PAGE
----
On Vietnam

“The Vietnamese are our allies. I want the Vietnamese to defeat the United States.”

On The Arab-Israeli Conflict

“We got to be for the Arabs. The creation of the state of Israel makes our position very clear. The Balfour Declaration allowed the land to be taken from the Arabs. We got to be for the Arabs, period.”

On Robert Kennedy’s Death

“The man was shot for his contradictions.”

On Martin Luther King

“When Martin Luther King was killed every black man in this country was sad—why? Because you don’t mess with somebody we love. If he has to be killed, then, we will do it.”

And On Black Pride and Identity

“A wino can’t be a revolutionary. A dope addict can’t be a revolutionary. It is our job to clean them up. It is up to the revolutionary to set the image that will be followed by the rest of the community. If you wear a natural and act like a man others will want to be like you. Black women are going to have to stop wearing mini-skirts. You’ve lost your dignity when you wear your dress above your knees. When you imitate the white woman nobody wants the imitation, they want the real thing.”

On The Endurance of Black People

“This honky has tried to wipe us out but he never could. He tried his jive slavery. When he put it on the Indians he killed them off; when he put it on us we did it and asked him what else he wanted to show us. He brought us through Reconstruction, night-riders, The Klu Klux Klan to World War 1 and we said what else can you show us.

“He sent us off to World War 1 and we whipped them and came back and said what else you want to show us. He took us through the Depression and he couldn’t raise a family of two children and we raised a family of fifteen on cornbread and made them warriors, warriors. And when we got through we said what else you got to show us?

“He sent us to Korea and we did his job and we asked him what else you got to show us. He sent us to Vietnam but we ain’t going because we want him to show us what he can do.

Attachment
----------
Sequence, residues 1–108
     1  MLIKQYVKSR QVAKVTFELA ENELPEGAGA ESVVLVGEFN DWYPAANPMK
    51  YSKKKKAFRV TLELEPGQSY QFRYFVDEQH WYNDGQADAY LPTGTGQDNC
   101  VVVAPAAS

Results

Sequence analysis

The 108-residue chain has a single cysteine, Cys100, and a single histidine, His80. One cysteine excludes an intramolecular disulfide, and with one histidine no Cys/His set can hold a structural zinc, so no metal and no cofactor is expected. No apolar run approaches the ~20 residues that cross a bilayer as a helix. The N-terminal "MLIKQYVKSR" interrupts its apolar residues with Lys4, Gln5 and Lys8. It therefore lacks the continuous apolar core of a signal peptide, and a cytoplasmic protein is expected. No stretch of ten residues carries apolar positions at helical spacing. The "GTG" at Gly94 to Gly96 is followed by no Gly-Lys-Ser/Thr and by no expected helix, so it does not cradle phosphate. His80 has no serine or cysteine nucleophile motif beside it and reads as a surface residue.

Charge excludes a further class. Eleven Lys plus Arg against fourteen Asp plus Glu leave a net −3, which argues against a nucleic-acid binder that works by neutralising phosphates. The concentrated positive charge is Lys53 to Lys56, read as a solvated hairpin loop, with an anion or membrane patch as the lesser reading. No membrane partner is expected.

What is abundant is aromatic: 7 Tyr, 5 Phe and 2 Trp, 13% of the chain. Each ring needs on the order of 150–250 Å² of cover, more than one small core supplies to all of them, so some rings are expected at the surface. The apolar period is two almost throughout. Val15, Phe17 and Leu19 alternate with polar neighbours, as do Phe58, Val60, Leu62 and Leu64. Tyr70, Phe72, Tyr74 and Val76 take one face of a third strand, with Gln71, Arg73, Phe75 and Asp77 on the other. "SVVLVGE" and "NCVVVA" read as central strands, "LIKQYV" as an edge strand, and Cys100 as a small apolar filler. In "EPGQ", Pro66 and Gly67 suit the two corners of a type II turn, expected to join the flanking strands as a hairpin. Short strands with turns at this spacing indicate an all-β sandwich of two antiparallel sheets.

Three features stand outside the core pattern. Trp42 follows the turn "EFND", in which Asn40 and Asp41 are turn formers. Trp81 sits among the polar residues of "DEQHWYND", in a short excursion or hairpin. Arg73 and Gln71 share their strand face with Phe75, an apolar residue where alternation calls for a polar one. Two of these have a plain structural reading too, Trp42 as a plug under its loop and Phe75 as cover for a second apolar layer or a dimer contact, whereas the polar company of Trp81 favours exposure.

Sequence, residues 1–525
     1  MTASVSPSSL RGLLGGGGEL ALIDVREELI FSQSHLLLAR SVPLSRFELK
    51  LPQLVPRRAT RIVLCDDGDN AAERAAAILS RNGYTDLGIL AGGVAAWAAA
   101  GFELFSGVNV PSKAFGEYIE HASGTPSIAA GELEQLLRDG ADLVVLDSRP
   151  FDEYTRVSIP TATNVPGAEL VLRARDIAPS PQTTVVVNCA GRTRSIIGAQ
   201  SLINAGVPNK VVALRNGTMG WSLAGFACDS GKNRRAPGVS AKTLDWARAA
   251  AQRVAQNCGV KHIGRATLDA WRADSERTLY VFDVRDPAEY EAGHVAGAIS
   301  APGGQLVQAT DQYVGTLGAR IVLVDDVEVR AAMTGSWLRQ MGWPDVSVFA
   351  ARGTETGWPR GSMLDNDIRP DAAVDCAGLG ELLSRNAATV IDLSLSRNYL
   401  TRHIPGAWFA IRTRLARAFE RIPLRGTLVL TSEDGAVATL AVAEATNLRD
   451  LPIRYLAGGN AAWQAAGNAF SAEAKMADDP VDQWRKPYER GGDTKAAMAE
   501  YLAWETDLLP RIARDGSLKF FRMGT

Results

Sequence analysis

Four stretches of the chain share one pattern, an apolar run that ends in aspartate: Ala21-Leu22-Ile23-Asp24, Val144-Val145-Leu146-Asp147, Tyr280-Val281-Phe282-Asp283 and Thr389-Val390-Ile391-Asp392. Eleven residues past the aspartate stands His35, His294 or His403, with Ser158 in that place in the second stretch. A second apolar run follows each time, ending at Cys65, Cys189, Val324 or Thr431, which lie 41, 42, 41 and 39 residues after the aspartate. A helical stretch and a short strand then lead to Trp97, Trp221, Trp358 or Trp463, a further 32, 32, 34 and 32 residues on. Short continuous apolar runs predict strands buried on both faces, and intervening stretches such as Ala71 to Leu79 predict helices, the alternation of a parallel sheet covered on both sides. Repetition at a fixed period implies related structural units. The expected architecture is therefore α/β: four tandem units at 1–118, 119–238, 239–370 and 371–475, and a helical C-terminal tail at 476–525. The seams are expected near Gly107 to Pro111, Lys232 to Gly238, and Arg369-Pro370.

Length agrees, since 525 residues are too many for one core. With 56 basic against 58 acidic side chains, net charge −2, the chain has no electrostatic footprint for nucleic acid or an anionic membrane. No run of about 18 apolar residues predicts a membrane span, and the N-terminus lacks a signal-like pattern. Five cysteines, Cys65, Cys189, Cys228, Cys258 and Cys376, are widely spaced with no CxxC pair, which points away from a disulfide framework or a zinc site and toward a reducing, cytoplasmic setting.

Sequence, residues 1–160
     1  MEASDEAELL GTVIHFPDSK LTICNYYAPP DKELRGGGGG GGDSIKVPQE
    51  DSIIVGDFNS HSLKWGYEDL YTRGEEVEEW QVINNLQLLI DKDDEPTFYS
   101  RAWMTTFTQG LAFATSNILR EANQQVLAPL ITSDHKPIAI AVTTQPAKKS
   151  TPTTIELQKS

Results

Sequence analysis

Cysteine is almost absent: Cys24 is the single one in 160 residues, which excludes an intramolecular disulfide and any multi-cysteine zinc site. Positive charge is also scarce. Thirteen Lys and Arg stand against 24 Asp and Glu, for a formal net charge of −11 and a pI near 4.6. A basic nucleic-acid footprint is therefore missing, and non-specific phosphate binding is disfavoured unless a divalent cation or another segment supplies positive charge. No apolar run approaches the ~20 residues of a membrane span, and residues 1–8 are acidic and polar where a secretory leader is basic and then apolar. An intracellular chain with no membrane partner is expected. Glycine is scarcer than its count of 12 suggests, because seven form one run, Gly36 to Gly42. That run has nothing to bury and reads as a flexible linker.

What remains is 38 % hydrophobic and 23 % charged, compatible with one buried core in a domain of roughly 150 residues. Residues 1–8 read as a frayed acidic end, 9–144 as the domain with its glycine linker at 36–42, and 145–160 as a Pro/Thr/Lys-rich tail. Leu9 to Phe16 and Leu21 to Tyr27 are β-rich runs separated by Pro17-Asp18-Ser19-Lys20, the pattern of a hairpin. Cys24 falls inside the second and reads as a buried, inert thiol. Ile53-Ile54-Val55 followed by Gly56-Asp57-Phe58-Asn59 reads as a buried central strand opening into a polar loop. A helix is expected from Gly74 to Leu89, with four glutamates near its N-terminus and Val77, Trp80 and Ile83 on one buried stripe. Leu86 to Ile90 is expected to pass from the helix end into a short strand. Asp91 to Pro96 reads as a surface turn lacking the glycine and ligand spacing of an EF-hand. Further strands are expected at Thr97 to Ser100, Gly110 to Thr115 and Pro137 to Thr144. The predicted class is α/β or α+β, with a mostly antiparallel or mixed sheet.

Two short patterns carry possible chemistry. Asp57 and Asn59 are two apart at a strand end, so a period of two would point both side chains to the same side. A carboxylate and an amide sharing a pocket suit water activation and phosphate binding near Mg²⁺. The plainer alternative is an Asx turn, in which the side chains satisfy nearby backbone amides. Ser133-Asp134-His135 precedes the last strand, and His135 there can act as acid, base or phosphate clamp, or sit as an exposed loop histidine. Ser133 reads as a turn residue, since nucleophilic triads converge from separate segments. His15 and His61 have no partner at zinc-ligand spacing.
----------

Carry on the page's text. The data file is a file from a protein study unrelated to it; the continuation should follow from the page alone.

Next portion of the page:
“We must have an undying love for our people. And no revolution should start before this love for our people is established. You must remember that every Negro is a potential Black Man. You never alienate your allies, you give them time to come home. Our major enemy is the honky. The question of community is not just a question of land—it is a question of our people and where we are. Land is important but not as important as people.”

On Africa

“We do not respect the white man’s divisions. We are all Africans.”

On having Guns

“We got to, now, now, now, got to, got to, get some guns. We don’t need the guns to attack the white man, we need the guns because we believe in equality.”

On Interpretation

“We must begin to interpret our own actions. We must not wait for the white man to tell us what our actions are. Those brothers who died during the rebellions last summer were our heroes. We must begin to interpret our own actions.”

Stokely concluded his speech on some points of organization and brotherhood. And he continually emphasized the necessity of having an undying love for your fellow black sister and brother.

Finally, some congratulations must be extended not only to the excellent way the security functions were handled (so tight, in fact, that each glass of water brought for Stokely was actually consumed by his protective aides), but also to the fine manner of cooperation displayed by the audience, who maintained throughout the sweltering four-hour evening a most unusual cool.